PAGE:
Trumping the competition? York businesses share, seek connection

David Weissman
  • Trump Lawn and Land Company, in West Manchester Township, has no ties to Donald J. Trump.
  • Mike Trump, president of York landscaping company, says "it's been interesting" during primaries.

Mike Trump's family-owned West Manchester Township landscaping business shares no ties with the current Republican front-runner, but his employees have been subjected to political comments all the same.

Mike Trump stands next to one of the Trump Lawn and Land company trucks outside the West Manchester Township business Tuesday, April 12, 2016. He started the family business 14 years ago, long before Donald Trump's political aspirations came to light. Dawn Sagert photo

When Trump Lawn and Land Co. was created 14 years ago, Donald J. Trump was just a real estate mogul in New York.

"We had no idea he'd ever run for president," said Mike Trump, already president — of his company. "It's been interesting."

The business, at 1160 Zinns Quarry Road, is one of dozens of similarly named businesses across the country with no connection to a man known for putting his name on pretty much anything, according to an Associated Press report.

Businesses that share Trump name get swept up in the circus

Mohammad Yousefi, owner of Trump Tobacco in Huntington Beach, California, told the AP he chose the name 10 years ago because he thought he'd get some extra business from the presumed connection, but now he wonders what he was thinking.

Shop owner Mohammad Yousefi stands in his store Trump Tobacco April 6, 2016, in Huntington Beach, Calif. Dozens of businesses across the country bear the name Trump, and have no actual connection to the real estate developer and presidential candidate. I chose the name Trump 10 years ago, thinking, hes a rich guy with a lot of buildings, so maybe Ill get something out of his name, says Yousefi, owner of the small struggling tobacco shop.

His strip mall storefront that sells mostly cigarettes and cigars has been struggling lately, a downturn he can’t say for sure has anything to do with the the name, according to the AP.

Plenty of comments: Mike Trump, whose family is traditionally Republican, said business has remained mostly steady since Donald Trump announced his campaign, but his employees have heard plenty of political comments while out in the field.

He surmised the comments were probably 50-50 between supportive and negative.

When Donald Trump first announced his White House aspirations, Mike Trump said his company considered utilizing the publicity for some creative advertising.

Potential marketing ideas included a caricature of the mogul with an emphasis on the hair, a slogan including the former Apprentice host's famous "You're Fired" quote, or a promotion of the fact that the company doesn't use any migrant workers, which is in line with Donald's anti-immigration stance.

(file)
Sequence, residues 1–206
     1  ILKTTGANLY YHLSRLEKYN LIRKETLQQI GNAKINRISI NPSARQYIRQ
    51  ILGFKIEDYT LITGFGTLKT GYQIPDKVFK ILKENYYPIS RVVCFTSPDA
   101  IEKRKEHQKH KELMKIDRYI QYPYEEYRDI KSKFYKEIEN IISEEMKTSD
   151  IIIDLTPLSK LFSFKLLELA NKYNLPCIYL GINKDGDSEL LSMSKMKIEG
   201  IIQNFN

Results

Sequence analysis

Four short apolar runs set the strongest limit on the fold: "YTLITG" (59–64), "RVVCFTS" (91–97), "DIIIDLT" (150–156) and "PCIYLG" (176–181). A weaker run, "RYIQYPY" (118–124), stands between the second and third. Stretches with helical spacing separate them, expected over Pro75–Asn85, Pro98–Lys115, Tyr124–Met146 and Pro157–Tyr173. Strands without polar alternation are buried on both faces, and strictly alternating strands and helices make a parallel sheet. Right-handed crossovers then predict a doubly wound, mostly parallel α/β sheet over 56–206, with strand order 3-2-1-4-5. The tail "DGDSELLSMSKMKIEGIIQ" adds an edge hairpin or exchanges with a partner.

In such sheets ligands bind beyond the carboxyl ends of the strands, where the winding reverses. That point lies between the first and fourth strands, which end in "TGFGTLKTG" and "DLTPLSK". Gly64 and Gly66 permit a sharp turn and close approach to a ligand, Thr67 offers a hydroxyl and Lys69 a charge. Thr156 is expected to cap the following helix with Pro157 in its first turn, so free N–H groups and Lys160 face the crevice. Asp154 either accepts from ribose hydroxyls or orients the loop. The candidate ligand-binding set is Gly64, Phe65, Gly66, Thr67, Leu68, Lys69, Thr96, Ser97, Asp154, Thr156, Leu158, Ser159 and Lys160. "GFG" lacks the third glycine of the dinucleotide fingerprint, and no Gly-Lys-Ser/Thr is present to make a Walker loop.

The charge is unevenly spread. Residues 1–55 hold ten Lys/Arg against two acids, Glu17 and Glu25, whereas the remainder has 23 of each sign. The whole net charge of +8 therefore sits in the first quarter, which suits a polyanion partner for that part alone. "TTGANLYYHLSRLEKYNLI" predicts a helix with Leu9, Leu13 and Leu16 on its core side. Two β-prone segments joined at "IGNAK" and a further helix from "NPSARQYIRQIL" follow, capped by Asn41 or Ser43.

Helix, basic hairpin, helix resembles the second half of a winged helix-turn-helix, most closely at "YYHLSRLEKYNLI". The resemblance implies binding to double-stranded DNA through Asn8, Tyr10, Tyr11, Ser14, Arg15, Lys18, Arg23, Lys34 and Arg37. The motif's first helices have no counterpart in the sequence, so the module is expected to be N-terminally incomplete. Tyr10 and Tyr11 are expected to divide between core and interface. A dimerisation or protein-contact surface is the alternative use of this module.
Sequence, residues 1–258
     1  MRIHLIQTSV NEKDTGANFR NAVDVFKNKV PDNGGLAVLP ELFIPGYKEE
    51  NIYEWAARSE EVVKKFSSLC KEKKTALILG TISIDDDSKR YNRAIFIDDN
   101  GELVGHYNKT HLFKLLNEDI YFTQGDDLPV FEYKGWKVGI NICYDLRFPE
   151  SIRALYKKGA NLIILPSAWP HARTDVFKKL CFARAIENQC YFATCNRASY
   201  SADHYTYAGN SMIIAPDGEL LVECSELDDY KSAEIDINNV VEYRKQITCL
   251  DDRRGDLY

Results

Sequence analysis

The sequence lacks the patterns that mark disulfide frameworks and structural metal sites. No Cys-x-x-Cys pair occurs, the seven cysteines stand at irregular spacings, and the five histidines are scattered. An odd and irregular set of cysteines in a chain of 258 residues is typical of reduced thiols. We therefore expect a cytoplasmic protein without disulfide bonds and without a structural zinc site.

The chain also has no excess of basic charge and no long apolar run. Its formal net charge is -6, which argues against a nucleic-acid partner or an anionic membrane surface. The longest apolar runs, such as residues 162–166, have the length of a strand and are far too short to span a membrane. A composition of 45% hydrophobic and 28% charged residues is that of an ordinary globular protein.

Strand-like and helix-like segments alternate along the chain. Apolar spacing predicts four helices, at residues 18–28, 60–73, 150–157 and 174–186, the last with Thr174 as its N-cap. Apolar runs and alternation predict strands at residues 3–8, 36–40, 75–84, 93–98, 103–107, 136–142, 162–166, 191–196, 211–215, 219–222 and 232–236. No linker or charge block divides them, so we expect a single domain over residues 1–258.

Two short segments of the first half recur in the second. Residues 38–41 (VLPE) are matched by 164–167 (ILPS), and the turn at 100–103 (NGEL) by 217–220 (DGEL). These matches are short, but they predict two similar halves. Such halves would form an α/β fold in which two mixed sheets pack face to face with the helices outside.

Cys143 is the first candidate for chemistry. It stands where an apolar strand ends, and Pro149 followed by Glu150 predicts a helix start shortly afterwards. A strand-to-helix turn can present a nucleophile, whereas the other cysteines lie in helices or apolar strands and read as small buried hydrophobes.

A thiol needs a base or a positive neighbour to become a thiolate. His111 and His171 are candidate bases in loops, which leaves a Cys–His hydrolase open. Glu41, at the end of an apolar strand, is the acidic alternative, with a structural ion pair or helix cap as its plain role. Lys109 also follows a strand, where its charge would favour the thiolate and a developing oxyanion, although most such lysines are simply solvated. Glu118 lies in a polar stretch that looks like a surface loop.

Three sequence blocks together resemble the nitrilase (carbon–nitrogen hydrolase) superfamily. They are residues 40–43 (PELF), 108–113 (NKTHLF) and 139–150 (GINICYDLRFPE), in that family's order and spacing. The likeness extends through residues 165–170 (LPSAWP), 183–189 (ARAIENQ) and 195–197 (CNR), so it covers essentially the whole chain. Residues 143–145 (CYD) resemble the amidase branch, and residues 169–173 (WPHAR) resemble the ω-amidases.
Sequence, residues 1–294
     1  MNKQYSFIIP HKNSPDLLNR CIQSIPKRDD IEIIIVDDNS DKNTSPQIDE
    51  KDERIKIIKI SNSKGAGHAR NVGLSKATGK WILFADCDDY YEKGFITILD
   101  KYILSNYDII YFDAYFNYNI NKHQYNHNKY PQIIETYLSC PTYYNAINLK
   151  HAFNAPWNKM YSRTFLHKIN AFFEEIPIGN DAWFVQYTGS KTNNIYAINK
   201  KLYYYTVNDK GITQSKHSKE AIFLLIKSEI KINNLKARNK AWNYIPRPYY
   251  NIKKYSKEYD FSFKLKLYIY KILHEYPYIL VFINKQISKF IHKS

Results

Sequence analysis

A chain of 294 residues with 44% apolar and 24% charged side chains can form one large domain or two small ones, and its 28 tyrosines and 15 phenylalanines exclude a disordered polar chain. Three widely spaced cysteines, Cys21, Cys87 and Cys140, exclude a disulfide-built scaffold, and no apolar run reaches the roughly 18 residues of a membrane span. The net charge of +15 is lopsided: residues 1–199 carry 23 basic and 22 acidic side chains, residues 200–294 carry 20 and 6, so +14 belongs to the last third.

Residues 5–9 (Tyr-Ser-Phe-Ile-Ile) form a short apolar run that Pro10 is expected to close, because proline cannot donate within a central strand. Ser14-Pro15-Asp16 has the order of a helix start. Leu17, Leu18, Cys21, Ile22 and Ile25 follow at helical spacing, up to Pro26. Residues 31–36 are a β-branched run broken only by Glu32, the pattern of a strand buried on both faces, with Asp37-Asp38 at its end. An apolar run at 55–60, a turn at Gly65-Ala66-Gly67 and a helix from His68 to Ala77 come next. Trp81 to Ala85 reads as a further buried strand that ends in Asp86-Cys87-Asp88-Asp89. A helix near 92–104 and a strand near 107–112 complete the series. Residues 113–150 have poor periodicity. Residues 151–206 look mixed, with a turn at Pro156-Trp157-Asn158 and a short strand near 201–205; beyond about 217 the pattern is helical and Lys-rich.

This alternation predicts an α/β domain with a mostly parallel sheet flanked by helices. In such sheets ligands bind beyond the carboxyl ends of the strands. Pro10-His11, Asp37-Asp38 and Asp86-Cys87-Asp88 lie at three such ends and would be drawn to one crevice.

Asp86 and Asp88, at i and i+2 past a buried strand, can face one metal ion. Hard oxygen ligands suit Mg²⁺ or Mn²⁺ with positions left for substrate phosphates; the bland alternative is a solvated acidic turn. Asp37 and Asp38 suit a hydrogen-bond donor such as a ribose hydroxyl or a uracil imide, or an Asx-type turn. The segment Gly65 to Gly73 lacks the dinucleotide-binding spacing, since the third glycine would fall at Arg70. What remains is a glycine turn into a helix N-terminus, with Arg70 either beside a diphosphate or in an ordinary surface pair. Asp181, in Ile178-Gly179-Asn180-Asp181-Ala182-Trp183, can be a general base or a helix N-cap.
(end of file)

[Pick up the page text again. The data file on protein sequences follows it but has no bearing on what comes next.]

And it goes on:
"We all shut it down pretty quickly," Mike Trump said, laughing, adding that they decided not to promote any more connection than already existed.

Look-alike: One York company without Trump in its name did elect to use the presidential candidate's national polarity to its advantage in an advertising campaign.

Springettsbury Township's NeFra Printing and Graphic Design paid for billboards throughout the county with a Donald Trump-look-alike in profile with the phrase, "Can you Trump this?" with Trump in all-caps, gold lettering.

Springettsbury Township business NeFra Printing and Graphic Design put this image on billboards throughout the county with one of their employees, Brian Courtright, in profile with Donald Trump's hair airbrushed onto his image.

Co-owner Frances Courtright said the marketing campaign resulted from employees just trying to have a little fun.

The company airbrushed Trump's infamous hair onto images of all its employees, and the one of Courtright's son, Brian, turned out "perfect," she said.

Brian Courtright, who's been featured on the billboards for months, now regularly gets called "Mr. Trump," Frances Courtright said.

Frances Courtright said the response has been 95 percent positive, with just a few anti-Trump people complaining.

"We aren't backing Trump (for president)," she said. "It's just a marketing campaign, and it certainly worked."

Business has improved thanks to the recognizable billboards, Courtright said, but they will be replaced this week with a new, "more artistic" image that also features one of their employees in profile and the slogan, "Dare to be Different!"

Sued: For some companies contacted by the AP, the Trump name and likeness was not exactly a blessing before the campaign began. Donald Trump has long been known for vigorously protecting the use of his name, which he licensed for use on other developers’ building projects and to market products including clothing, furniture, vodka and even steaks.

“He sued me over the name about 25 years ago,” says Claudia Rabin-Manning, whose Trump Travel in the Long Island community of Baldwin, New York, was initially named by a previous owner for the “trump card” used in games of canasta.

The case was dismissed after Trump’s attorneys demanded she post a disclaimer on the facade of the small storefront: “Not affiliated with Donald J. Trump or The Trump Organization.”

Mike Trump and Frances Courtright said they've never heard from anyone affiliated with Donald Trump. Courtright said she sent the image of her son to The Trump Organization before unveiling the billboards, but she never got a response.

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